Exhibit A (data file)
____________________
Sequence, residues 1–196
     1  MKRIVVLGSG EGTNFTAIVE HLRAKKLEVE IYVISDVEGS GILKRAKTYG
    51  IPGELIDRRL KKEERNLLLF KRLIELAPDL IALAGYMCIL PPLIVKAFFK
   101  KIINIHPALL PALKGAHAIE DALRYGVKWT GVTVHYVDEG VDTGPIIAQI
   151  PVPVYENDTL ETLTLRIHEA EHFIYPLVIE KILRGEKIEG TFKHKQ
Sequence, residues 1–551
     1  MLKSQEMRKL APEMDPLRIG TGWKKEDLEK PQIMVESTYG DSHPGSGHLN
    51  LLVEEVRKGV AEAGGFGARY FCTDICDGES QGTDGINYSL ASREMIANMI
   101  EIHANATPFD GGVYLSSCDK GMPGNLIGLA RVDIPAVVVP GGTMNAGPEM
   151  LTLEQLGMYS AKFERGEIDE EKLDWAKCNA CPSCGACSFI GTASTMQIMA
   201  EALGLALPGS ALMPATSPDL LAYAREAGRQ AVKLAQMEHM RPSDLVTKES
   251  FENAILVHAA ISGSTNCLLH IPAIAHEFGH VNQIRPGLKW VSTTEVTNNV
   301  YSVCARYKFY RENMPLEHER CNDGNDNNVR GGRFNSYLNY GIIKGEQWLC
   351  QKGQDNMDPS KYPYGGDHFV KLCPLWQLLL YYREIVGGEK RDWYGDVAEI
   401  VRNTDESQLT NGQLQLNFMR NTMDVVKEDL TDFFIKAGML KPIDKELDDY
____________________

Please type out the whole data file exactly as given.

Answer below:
Sequence, residues 1–196
     1  MKRIVVLGSG EGTNFTAIVE HLRAKKLEVE IYVISDVEGS GILKRAKTYG
    51  IPGELIDRRL KKEERNLLLF KRLIELAPDL IALAGYMCIL PPLIVKAFFK
   101  KIINIHPALL PALKGAHAIE DALRYGVKWT GVTVHYVDEG VDTGPIIAQI
   151  PVPVYENDTL ETLTLRIHEA EHFIYPLVIE KILRGEKIEG TFKHKQ
Sequence, residues 1–551
     1  MLKSQEMRKL APEMDPLRIG TGWKKEDLEK PQIMVESTYG DSHPGSGHLN
    51  LLVEEVRKGV AEAGGFGARY FCTDICDGES QGTDGINYSL ASREMIANMI
   101  EIHANATPFD GGVYLSSCDK GMPGNLIGLA RVDIPAVVVP GGTMNAGPEM
   151  LTLEQLGMYS AKFERGEIDE EKLDWAKCNA CPSCGACSFI GTASTMQIMA
   201  EALGLALPGS ALMPATSPDL LAYAREAGRQ AVKLAQMEHM RPSDLVTKES
   251  FENAILVHAA ISGSTNCLLH IPAIAHEFGH VNQIRPGLKW VSTTEVTNNV
   301  YSVCARYKFY RENMPLEHER CNDGNDNNVR GGRFNSYLNY GIIKGEQWLC
   351  QKGQDNMDPS KYPYGGDHFV KLCPLWQLLL YYREIVGGEK RDWYGDVAEI
   401  VRNTDESQLT NGQLQLNFMR NTMDVVKEDL TDFFIKAGML KPIDKELDDY